Why did Science begin?

Following on from my previous post about the origin of science in the 12th century, one might ask why the influx of ideas from the Muslim world led to such a scientific explosion in Europe (I’ve been having some Facebook discussions on this). The philosopher Alfred North Whitehead (1861–1947), in his Science and the Modern World (1926, pp 15–16), suggested (perhaps surprisingly) that the credit lay with medieval theology:

I do not think, however, that I have even yet brought out the greatest contribution of medievalism to the formation of the scientific movement. I mean the inexpugnable belief that every detailed occurrence can be correlated with its antecedents in a perfectly definite manner, exemplifying general principles. Without this belief the incredible labours of scientists would be without hope. It is this instinctive conviction, vividly poised before the imagination, which is the motive power of research:—that there is a secret, a secret which can be unveiled. How has this conviction been so vividly implanted on the European mind?

When we compare this tone of thought in Europe with the attitude of other civilisations when left to themselves, there seems but one source for its origin. It must come from the medieval insistence on the rationality of God, conceived as with the personal energy of Jehovah and with the rationality of a Greek philosopher. Every detail was supervised and ordered: the search into nature could only result in the vindication of the faith in rationality. Remember that I am not talking of the explicit beliefs of a few individuals. What I mean is the impress on the European mind arising from the unquestioned faith of centuries. By this I mean the instinctive tone of thought and not a mere creed of words.

In Asia, the conceptions of God were of a being who was either too arbitrary or too impersonal for such ideas to have much effect on instinctive habits of mind. Any definite occurrence might be due to the fiat of an irrational despot, or might issue from some impersonal, inscrutable origin of things. There was not the same confidence as in the intelligible rationality of a personal being. I am not arguing that the European trust in the scrutability of nature was logically justified even by its own theology. My only point is to understand how it arose. My explanation is that the faith in the possibility of science, generated antecedently to the development of modern scientific theory, is an unconscious derivative from medieval theology.

There are perhaps three relevant theological ideas in the medieval theology to which Whitehead refers. The first is the idea of the Universe as rational, because it is created by a rational God. Such an idea is implicit in, for example, the Timaeus of Plato, which suggests that eternally existing Platonic solids were used by the Creator as the shapes for the different kinds of atom:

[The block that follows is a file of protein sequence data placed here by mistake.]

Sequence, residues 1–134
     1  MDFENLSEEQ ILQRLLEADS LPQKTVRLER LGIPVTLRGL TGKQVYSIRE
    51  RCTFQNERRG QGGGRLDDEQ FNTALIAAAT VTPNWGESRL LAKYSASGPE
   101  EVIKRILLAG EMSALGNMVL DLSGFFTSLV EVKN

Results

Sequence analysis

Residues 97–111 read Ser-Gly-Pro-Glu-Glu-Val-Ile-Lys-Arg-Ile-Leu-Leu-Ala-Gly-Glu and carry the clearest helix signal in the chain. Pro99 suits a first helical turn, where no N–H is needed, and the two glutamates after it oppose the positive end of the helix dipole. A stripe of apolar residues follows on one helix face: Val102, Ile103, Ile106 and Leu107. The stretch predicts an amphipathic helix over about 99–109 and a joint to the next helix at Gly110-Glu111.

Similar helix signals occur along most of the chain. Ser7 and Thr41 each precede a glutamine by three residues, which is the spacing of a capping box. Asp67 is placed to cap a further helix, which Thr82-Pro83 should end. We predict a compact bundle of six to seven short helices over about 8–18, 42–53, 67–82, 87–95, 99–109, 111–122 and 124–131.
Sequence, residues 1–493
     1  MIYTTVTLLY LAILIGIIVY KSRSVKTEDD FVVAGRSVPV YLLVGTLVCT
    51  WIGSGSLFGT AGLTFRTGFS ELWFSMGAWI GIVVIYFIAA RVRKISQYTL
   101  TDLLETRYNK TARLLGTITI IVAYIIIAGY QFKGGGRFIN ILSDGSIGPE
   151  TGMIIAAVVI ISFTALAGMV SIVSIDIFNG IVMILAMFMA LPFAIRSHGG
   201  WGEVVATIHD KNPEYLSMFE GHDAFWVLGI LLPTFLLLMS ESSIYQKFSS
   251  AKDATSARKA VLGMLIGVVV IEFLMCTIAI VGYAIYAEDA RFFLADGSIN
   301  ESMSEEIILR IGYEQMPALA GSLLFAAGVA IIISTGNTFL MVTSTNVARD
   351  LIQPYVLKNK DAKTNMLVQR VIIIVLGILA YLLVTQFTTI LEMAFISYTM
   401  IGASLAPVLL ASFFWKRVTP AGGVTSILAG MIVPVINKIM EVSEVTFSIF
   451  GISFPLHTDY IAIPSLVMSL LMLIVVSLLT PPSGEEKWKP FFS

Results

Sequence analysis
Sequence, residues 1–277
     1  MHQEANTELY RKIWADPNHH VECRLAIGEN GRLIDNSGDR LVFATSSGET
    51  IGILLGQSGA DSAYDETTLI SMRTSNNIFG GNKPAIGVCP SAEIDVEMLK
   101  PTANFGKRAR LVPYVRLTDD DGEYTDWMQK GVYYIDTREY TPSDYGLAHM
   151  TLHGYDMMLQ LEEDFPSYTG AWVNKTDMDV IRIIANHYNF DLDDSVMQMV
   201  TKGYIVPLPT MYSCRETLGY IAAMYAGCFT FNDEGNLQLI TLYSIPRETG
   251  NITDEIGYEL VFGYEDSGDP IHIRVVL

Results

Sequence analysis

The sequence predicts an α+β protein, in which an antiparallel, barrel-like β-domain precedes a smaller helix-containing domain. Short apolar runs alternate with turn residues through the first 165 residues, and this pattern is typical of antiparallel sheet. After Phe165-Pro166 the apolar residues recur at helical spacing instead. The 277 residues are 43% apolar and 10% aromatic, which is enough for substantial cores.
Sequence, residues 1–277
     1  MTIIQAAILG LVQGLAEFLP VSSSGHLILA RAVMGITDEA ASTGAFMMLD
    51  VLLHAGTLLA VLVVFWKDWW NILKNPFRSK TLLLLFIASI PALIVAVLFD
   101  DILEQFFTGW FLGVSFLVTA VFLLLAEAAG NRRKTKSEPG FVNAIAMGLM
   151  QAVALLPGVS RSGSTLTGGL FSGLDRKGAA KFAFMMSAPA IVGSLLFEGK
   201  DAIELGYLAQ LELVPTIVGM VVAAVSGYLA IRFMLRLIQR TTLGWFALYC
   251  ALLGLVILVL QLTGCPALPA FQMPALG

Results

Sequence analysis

The belief in rationality also prompted some good medieval work in the field of logic. However, Whitehead suggests that medieval theology also incorporated “the personal energy of Jehovah.” In particular, the “scrutability of nature” – the idea that Nature is knowable – is implicit in the medieval idea of Nature as a written book, intended to be read. Galileo famously quoted Tertullian (c. 160–225) on this point:

God is known first through Nature, and then again, more particularly, by doctrine – by Nature in His works, and by doctrine in His revealed Word.” (Tertullian, Against Marcion, I:18; Galileo, Letter to the Grand Duchess Christina of Tuscany, 1615)

Galileo later expanded on the mathematical language in which he thought the “book” of Nature was written:

La filosofia è scritta in questo grandissimo libro che continuamente ci sta aperto innanzi a gli occhi (io dico l’universo), ma non si può intendere se prima non s’impara a intender la lingua, e conoscer i carattere, ne’ quali è scritto. Egli è scritto in lingua matematica, e i caratteri son triangoli, cerchi, ed altre figure geometriche, senza i quali mezi è impossibile a intenderne umanamente parola; senza questi è un aggirarsi vanamente per un oscuro laberinto.

[Science] is written in this grand book – I mean the universe – which stands continually open to our gaze, but it cannot be understood unless one first learns to comprehend the language and interpret the characters in which it is written. It is written in the language of mathematics, and its characters are triangles, circles, and other geometrical figures, without which it is humanly impossible to understand a single word of it; without these, one is wandering around in a dark labyrinth.” (Galileo, Il Saggiatore, 1623, tr. Stillman Drake)

[This passage has often been quoted, although today we would instead speak of equations and other mathematical constructs.]